It may be instructive to also consider other populations where fasting behavior may be linked to diabetes or metabolic syndrome. It is increasingly evident that several ethnic populations whose ancestors historically experienced more frequent and severe feast-famine cycles than Caucasians did are today enduring higher rates of diabetes and metabolic syndrome.(27
) The higher rates of disease among those ethnic groups is the result of both modern environmental factors and a shared genetic ability to withstand extended periods without food,(27
) which may also be described as the inherited ability to endure more frequent periods of fasting or caloric restriction.
Several reports indicate that limiting caloric intake (i.e., “caloric restriction”) may have anti-aging (13
) and cardio-protective effects.(9
) It is expected that caloric restriction will lead to improved cardiac risk profiles.(9
) While fasting was associated with lower diabetes prevalence, only small and not statistically-significant differences in BMI and hypertension were found based on fasting behavior. Evidence suggests that multiple calorie-deprivation pathways may exist that improve health,(23
) thus any direct connection between fasting and caloric restriction requires further exploration.
Finally, evidence herein also suggests that fasting is associated with other behaviors common to this population. Patients who fasted were also more likely to not smoke, be more physically active, follow beverage proscriptions, engage in religious worship, and observe a day of rest. This allows for the possibility that fasting may simply be the best surrogate for a cluster of low-risk behaviors, including unmeasured factors. Fasting behavior was, however, reported by some with religious preferences other than LDS and, among these participants, an association of large effect size was found (a 77% lower risk of CAD). This suggests that the observed benefit arises from fasting and not from a cluster of religion-associated behaviors. Further, it is also unlikely that the other behaviors (at least the measured ones) account for the fasting benefit since they were all eliminated when statistical modeling included them along with fasting.
This study is potentially susceptible to various problems faced by all observational studies, including uncontrolled confounding, reverse causation, and self-selection in survey response. The association of religious preference with CAD was similar in both populations, though, and adjustment for various potential confounders did not eliminate or appreciably attenuate the association of fasting. Confirmatory studies in other populations are required since uncontrolled confounding may remain, including due to patient self-selection for survey response in this study’s hospital care setting.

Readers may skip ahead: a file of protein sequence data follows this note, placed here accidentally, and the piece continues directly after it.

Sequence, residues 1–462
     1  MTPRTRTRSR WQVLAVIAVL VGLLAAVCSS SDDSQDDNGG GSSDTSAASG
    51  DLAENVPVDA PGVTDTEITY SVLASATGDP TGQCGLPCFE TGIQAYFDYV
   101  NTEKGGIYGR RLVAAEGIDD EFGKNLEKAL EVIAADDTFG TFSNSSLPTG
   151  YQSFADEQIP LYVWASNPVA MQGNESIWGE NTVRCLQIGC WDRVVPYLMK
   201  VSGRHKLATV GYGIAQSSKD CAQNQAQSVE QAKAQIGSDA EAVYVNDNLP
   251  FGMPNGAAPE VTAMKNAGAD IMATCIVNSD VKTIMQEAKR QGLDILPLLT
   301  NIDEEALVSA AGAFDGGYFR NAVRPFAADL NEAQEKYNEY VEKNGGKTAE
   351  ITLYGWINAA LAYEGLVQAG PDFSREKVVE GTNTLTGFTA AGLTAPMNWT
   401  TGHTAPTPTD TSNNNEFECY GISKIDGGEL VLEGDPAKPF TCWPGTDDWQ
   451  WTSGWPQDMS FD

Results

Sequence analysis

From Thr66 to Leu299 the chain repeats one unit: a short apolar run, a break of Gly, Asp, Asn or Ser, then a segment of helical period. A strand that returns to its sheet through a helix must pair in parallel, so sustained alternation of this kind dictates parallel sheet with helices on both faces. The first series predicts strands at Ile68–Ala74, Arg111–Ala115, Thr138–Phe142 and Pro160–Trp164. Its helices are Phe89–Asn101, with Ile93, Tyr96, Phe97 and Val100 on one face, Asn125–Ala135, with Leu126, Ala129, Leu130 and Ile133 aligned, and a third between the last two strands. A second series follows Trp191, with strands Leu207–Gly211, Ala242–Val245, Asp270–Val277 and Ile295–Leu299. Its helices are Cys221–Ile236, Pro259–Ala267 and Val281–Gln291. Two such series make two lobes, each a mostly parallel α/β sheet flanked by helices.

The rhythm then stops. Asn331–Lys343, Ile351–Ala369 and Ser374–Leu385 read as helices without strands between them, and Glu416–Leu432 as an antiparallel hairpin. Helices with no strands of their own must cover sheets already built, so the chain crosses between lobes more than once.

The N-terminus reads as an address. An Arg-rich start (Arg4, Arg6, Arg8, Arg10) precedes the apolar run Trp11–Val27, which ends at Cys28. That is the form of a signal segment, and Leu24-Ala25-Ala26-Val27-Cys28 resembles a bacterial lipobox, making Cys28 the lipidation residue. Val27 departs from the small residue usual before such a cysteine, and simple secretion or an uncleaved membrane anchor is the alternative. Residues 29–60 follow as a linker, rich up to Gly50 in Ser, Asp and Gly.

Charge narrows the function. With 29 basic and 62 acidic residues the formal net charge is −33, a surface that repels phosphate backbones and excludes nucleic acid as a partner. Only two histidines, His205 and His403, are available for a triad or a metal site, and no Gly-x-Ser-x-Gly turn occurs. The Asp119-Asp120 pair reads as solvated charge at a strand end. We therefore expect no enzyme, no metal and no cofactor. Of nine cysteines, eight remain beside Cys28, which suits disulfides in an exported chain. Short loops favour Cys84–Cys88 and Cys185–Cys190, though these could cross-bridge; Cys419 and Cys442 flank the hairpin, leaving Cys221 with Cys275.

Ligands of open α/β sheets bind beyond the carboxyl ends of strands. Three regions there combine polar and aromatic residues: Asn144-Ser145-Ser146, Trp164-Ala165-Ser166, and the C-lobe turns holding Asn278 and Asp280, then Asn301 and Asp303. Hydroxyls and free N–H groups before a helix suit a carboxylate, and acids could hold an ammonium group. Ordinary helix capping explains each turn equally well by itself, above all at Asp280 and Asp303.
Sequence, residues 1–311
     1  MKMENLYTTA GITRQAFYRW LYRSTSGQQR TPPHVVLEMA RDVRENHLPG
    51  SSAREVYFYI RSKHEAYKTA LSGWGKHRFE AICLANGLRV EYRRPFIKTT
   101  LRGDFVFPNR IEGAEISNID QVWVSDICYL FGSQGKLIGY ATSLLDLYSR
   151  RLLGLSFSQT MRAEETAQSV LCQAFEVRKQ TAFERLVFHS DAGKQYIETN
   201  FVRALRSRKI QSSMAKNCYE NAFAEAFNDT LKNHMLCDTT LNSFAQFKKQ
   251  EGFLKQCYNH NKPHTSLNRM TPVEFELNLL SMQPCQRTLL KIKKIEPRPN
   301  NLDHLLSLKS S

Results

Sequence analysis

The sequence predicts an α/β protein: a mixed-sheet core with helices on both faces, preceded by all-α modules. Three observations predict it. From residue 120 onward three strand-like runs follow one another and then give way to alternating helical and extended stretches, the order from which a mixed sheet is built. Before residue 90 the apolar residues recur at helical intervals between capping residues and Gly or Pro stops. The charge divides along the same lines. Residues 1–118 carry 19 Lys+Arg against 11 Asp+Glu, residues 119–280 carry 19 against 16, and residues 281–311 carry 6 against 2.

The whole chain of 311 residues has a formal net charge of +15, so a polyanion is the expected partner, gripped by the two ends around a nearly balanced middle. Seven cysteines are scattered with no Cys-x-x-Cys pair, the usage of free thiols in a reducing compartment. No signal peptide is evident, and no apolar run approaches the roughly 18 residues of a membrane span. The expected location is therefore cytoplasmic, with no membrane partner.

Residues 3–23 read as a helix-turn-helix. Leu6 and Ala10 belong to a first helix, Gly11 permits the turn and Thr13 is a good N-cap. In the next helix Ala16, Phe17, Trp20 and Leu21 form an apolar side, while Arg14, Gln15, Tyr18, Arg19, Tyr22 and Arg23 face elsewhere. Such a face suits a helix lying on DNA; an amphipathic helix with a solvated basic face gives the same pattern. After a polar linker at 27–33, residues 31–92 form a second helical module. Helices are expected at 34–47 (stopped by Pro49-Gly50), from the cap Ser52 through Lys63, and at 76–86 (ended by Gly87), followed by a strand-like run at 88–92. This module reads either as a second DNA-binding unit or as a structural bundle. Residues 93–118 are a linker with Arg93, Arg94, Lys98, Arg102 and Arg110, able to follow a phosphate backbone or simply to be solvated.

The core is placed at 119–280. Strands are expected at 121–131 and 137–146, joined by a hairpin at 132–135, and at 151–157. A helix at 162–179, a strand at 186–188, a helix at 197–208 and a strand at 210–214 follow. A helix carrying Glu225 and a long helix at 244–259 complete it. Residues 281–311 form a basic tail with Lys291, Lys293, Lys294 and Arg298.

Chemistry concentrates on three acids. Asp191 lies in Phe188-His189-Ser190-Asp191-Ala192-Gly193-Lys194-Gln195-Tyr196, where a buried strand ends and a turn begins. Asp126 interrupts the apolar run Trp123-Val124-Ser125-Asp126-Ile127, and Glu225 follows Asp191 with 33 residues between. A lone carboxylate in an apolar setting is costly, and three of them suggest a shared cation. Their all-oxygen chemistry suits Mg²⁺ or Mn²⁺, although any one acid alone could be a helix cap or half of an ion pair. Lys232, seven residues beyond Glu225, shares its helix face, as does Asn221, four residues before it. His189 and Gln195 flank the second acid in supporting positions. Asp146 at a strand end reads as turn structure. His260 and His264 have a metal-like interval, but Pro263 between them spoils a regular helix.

The LDS proscription of alcohol is notable since non-use is associated in many studies with higher CAD risk compared to moderate levels of consumption.(4
) If so, CAD risk would be expected to increase among LDS adherents, but this study suggests that abstinence from alcohol is not associated with higher CAD risk. While contrary to a commonly-held belief, this finding is supported by reports that the benefits of moderate alcohol consumption may arise from residual confounding due to socioeconomic and other factors,(28
) an issue that only a randomized clinical trial could resolve. The current study appears to be the first wherein the majority of participants were non-drinkers, thus the social and behavioral risk profiles of drinkers and non-drinkers herein may be at variance with previously-studied populations.
This population is unique because of the aforementioned behaviors and the primarily Caucasian ethnic composition, thus the study findings may not be generalizable to other populations. Further study of fasting in other geographic locations and among other ethnicities is indicated.
A strength of the study was the CAD outcome that was determined from coronary angiography, the gold-standard assessment of CAD status. Cases had clinically-significant coronary stenoses. Controls, although not a random population sample, were definitively free from coronary lesions.